Friends, neighbors, Uncle Pete who had a paper route that one time in 1983… Everyone has advice for small business owners. How can you decide when it’s relevant?
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Allissa Haines Hey, everyone. Welcome to the Massage Business Blueprint podcast, where we discuss the business side of massage therapy. I am Allissa Haines here with your final December business affirmation/conversation about little things you can think about without actually having to do anything because y’all have been busy enough this month.
Our final episode in this little short series is about weighing advice. And yeah, that’s it. Weighing advice. And I’m going to tell you the story of how this came out and why I got a little persnickety about it. I am in a local discussion group for massage therapists in my state, and a new graduate popped into the group and said, I am looking for employment — I just got out of school, I’m looking for employment, but I have a job where I already work — I think it’s like — I’m not sure if it was four or five afternoons a week. This person works in an afterschool program, so from like 2 to 5, or something like that, most days per week. So they were looking for a job where they would do massage in the mornings or evenings, but they didn’t really want to work weekends. So they put this out there and said, you know, I’m in this area, I’m looking for employment, and every single comment that came in was so super negative to the point where some people even suggested that he re-think his career choice. Now, mind you, this is someone who just got out of massage school, and people are telling him he should rethink his career choice because you absolutely have to work weekends if you’re going to be a massage therapist.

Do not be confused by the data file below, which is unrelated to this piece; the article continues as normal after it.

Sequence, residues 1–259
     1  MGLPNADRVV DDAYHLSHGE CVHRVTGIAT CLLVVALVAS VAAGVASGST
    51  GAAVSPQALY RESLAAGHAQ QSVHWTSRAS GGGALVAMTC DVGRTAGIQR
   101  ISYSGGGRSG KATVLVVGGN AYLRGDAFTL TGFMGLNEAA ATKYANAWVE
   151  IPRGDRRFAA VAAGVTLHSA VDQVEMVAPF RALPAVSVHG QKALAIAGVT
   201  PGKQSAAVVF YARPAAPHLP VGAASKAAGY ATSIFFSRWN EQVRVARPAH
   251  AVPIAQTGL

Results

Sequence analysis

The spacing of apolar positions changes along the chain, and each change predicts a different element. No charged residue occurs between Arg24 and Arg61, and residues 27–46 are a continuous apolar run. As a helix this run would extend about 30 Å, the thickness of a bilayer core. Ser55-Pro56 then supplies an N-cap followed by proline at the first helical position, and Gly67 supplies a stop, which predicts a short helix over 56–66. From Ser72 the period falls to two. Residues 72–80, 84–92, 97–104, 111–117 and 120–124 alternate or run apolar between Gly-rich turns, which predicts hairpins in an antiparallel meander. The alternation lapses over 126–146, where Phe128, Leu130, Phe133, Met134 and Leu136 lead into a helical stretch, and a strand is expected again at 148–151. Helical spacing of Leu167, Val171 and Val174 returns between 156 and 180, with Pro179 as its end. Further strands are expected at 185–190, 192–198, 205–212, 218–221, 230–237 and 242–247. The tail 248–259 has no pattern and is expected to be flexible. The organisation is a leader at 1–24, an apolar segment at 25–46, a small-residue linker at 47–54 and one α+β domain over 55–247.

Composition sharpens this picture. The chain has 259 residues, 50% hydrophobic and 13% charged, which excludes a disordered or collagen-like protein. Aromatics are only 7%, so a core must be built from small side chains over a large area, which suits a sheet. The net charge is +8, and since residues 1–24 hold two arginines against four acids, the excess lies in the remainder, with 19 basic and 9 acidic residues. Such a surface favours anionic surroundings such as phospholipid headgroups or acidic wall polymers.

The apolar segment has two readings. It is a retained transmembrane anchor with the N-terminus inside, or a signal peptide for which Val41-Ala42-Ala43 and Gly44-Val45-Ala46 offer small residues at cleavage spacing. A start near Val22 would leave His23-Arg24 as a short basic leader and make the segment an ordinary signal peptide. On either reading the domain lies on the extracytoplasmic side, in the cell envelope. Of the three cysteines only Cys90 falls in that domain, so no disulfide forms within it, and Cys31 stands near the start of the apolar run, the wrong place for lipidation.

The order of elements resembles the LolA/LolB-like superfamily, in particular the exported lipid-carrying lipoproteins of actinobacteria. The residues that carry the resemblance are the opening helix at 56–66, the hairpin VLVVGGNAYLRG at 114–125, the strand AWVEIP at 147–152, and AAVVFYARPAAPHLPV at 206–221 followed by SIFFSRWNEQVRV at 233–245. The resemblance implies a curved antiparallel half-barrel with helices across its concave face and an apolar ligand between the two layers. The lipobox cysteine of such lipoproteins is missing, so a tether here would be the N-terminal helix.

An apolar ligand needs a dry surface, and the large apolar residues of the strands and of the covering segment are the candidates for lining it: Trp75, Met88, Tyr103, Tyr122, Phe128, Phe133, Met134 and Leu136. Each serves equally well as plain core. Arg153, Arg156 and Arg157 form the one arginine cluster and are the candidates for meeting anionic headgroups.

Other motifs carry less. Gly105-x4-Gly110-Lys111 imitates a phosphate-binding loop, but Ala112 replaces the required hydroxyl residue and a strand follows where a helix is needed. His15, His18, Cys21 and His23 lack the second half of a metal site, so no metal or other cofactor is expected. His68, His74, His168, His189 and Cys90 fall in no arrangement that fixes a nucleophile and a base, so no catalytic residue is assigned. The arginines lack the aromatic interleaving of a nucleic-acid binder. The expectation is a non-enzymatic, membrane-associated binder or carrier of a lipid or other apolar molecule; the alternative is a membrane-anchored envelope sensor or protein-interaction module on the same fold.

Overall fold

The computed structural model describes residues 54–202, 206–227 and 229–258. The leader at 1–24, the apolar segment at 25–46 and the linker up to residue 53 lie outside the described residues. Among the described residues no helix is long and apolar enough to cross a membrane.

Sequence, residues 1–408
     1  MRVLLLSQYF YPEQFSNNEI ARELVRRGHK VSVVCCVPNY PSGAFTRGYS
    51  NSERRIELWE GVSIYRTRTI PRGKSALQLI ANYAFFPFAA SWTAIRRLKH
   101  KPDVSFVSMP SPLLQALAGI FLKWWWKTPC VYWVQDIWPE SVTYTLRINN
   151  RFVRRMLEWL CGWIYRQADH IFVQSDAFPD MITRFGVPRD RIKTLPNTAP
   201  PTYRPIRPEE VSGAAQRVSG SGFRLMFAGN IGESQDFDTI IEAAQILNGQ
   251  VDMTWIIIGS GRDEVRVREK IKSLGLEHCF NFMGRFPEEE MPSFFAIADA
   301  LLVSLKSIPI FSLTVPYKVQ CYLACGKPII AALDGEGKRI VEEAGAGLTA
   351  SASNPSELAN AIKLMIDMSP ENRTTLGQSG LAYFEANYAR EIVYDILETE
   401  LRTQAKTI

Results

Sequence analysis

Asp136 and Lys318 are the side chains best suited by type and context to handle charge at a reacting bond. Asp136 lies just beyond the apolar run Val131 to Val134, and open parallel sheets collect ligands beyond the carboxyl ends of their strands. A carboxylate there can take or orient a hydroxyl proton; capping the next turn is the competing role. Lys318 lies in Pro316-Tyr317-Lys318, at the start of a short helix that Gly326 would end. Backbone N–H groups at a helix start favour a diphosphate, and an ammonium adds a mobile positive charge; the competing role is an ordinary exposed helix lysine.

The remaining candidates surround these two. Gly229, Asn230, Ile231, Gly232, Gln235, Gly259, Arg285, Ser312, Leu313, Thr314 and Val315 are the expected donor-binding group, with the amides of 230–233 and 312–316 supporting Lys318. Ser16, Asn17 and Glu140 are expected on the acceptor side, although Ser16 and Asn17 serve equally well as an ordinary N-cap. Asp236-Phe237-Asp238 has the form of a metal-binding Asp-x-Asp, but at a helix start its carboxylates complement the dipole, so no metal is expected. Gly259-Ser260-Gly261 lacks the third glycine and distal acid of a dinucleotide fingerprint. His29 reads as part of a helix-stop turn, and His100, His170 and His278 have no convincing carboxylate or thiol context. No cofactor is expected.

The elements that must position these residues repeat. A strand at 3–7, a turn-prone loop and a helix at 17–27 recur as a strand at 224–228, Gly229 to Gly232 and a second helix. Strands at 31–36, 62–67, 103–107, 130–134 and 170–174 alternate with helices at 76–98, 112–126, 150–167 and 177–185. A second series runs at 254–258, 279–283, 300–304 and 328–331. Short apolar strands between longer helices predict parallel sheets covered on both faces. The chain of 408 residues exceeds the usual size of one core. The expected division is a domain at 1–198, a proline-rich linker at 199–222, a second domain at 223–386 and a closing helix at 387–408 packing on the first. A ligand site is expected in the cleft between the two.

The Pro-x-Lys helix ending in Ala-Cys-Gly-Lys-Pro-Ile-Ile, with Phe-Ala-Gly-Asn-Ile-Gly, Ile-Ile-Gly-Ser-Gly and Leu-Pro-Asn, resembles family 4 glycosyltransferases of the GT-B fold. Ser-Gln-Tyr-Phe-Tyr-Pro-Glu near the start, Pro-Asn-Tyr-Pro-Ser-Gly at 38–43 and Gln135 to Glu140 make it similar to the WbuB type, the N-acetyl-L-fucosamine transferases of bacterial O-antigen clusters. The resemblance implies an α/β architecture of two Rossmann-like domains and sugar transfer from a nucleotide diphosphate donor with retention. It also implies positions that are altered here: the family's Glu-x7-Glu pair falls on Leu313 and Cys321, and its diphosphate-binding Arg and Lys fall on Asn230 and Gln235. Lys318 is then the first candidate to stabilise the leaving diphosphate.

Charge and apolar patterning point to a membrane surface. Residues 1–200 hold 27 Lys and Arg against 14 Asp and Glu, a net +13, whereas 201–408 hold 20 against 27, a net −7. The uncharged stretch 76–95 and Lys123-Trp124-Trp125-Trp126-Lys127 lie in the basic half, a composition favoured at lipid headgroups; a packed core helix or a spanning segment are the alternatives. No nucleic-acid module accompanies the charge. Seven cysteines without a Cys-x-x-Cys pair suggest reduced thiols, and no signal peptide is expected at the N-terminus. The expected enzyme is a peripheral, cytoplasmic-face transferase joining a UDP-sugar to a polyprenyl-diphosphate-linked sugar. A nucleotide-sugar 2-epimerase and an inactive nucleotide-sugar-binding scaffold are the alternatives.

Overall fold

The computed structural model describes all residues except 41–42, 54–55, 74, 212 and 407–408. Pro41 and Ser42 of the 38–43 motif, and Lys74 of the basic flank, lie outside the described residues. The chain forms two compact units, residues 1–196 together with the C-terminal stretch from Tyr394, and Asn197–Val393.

And this really, really rubbed me the wrong way, and it made me think about who you should accept advice from, especially when you ask a question like that to the masses. How do you prepare yourself for the answers that are going to come in that are not relevant or don’t speak to your situation?
So let’s talk about that a little bit. First of all, remember that — I’m going to cover some general business stuff, and then we’ll dive into specific massage business information. But don’t accept advice from people who don’t understand how a very small microbusiness works. And we talked about this a little bit in the last episode, but the term “small business” can apply from anything from a massage therapist doing three massages a week to someone making a product that — with 10 or 15 or 20 employees who makes hundreds of thousands of dollars a year in gross. So that term for small business, I kind of hate it, which is why I refer to one-person massage business as microbusinesses, typically someone working part-time or full-time in massage, grossing around $100,000 a year or less doing massage. And that’s a gross number; that’s not your net take home. So that’s my — that’s how I define a microbusiness.
So first of all, you know, when people give you business advice about what events you should be going to or how you should be networking or how you should be advertising or spending money on print advertising or television or radio or all the things you could be doing to advertise and network and market your business, is that advice coming from people who understand your small, personal, service-based microbusiness? And if it’s not — I’m not saying you should totally ignore that advice because much of it will apply to a microbusiness — but measure it, and measure that advice carefully. Weigh it. Does this really — does this approach really apply to my service-based microbusiness? You don’t want to take business advice from people who cannot see the context of your situation, who cannot see out of their small little box of old-school how businesses used to operate. And much of old-school business is still valid, but it’s something you want to be really mindful about.